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Dear Volkswagen

VWlogoDrew McLellan is the Top Dog at McLellan Marketing Group

In case you missed it -- VW is in trouble. Here's a rundown of what happened and what I would tell them to do, if they asked:

Volkswagen is facing huge fines, its reputation is in tatters, and now CEO Martin Winterkorn has stepped down.

The company cheated diesel emissions tests in the U.S. for seven years.

It did so through a nifty piece of software that could identify when the car was being tested and reduce harmful exhaust so it looked as if the car met requirements, when in fact it did not.

Volkswagen was caught by independent testing carried out by a clean-air advocacy group, The International Council on Clean Transportation, which, ironically, tested the cars because it thought they were such a great example of how diesel could be a clean fuel.

The company originally disputed the test results, "citing various technical issues," but it implements a voluntary recall of nearly 500,000 cars to put in a software patch it says will fix the issue.

On September 3, VW finally confesses the fraud to the EPA and CARB and admits gaming the emission tests. When the market opens the following Monday, VW stock plunges over 20 percent and Volkswagen experiences its biggest one-day drop in six years as a potentially huge fine to the company spooks investors.

A day later, Volkswagen admits that the issue is far more widespread, saying it could affect 11 million cars. Once again, the shares go into meltdown, and another 20 percent is wiped off the value of the company. 

Volkswagen issued a profit warning setting aside €6.5 billion to "cover the necessary service measures and other efforts to win back the trust of our customers." It adds: "Discrepancies relate to vehicles with Type EA 189 engines, involving some 11 million vehicles worldwide."

So to say they're in trouble is a bit of an understatement. So here's my letter to the VW leadership:

Dear VW leaders,

The good news is -- there's no way but up. Many companies have survived this sort of corporate deceit. But what you do next will make or break you. Here's my recipe for your survival.

Identify a spokesperson who is believable and likable: This needs to be someone from your senior ranks who can convey not only your regret but your concern for the harm that your fraud has potentially caused.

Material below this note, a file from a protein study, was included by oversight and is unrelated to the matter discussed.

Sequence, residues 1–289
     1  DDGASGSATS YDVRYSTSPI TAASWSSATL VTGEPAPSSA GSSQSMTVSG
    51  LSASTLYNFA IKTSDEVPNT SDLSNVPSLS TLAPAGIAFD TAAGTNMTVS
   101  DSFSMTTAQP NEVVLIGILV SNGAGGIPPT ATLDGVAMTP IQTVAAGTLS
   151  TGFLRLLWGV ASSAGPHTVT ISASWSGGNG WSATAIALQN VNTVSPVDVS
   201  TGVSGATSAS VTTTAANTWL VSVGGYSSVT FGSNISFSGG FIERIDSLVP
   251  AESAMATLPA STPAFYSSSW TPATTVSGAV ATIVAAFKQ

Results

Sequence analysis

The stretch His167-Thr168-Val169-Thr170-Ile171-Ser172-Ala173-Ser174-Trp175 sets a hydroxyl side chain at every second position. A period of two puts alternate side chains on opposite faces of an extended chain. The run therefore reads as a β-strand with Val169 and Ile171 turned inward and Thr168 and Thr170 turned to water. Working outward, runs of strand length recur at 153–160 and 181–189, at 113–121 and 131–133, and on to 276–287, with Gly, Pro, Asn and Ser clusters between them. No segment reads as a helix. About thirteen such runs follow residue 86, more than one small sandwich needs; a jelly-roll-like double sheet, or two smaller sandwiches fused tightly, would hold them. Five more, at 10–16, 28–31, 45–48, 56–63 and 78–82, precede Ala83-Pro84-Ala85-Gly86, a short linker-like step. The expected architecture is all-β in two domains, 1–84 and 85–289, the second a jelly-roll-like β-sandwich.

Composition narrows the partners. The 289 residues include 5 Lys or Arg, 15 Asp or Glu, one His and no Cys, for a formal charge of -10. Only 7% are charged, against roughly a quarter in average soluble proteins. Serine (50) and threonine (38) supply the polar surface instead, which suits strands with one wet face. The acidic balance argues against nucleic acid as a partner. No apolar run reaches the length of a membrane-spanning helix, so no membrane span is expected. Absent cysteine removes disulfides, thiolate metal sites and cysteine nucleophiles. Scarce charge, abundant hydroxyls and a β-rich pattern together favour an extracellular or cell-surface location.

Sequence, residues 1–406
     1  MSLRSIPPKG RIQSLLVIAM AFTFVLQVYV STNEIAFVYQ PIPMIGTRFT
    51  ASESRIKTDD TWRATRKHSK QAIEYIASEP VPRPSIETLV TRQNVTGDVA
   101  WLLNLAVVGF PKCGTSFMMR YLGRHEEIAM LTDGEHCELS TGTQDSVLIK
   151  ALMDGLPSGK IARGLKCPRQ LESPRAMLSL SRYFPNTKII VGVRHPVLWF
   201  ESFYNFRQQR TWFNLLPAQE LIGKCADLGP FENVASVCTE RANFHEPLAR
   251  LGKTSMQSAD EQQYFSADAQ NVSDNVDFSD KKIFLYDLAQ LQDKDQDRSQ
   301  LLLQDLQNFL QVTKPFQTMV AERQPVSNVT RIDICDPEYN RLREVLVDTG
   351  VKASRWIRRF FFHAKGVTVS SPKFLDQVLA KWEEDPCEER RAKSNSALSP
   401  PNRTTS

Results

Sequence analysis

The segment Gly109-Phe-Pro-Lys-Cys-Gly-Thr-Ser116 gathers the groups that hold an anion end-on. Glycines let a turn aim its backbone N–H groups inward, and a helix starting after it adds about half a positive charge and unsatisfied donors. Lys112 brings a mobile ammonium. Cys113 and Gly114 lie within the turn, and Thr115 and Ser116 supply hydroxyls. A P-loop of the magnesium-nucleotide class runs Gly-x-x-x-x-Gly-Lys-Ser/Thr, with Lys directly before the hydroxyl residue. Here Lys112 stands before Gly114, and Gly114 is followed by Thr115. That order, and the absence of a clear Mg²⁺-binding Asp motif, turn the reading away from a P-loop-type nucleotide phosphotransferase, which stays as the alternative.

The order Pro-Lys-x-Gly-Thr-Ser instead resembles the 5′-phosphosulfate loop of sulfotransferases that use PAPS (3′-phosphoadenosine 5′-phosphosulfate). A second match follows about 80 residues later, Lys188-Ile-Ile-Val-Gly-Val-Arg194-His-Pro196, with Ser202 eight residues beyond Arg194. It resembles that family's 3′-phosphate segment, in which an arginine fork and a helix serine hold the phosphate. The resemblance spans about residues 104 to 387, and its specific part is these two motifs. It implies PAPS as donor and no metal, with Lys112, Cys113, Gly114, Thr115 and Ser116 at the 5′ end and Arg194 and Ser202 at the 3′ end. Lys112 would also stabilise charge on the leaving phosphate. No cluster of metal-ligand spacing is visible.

"No comment," evasion and half-truths are off the table: Your only hope is to be as honest, straightforward and remorseful as possible. Your spokesperson has to be told the whole truth and they have to be encouraged to share it -- no matter how bad the truth may be. Proactively tell us the bad news. Do not wait for it to be discovered.

Be ready to over-share for a very long time: When you get caught lying you lose the right to your privacy and your secrets. We get to know it all or you have to decide you want out of the equation. And we don't want to have to ask -- you have to just offer up more information than you believe we have a right to know.

Turn this into something good: Fortunately for you, the world loves a redeemed sinner. So you need to decide how you're going to demonstrate that you're not only sorry you got caught but how it's changed you. How will you use this incident to make the world a better place?

Stay very visible: Whenever we can't see you, we assume you're up to no good. Stay in the media. Keep us over-informed. Do not go dark or silent. You want to be so visible that we actually get sick of hearing from you. 

Take it on the chin. Over and over: You are going to be raked over the coals by the media, in social media and by your customers. Let them vent. Hear their anger and disappointment. Apologize. Again. And tell them how you are going to make it better. For as long as it takes.

Remind us that you're good but just made a bad choice: Reconnect us with your brand and all the good it has done. Connect us with the happy memories of your iconic vehicles and how we felt about being your customer. Don't let this mistake become your brand. 

There's no shortcuts, no easy way out and no glossing over this. You need to just gut it out and let your new choices, behavior and habits re-earn our trust over time.  Lean on the brand equity you've earned but realize that its foundation is very weak right now.

Other brands have survived worse. But you have very little of the consumer's grace left. Be the brand they want to believe that you are -- every day in every way and be patient.

This is going to take awhile.




You are right on but why do so many companies who get in this situation continue to lie and not act remorseful? 60 minutes did that piece on lumber liquidators and the founder said he was on it and heads will roll. Don't know where it went but I liked his honesty.

Hey Rob,

I can't explain it -- you'd think they know better. Even if they aren't remorseful, surely they are smart enough to fake it.

Perhaps the arrogance is just difficult to shed?


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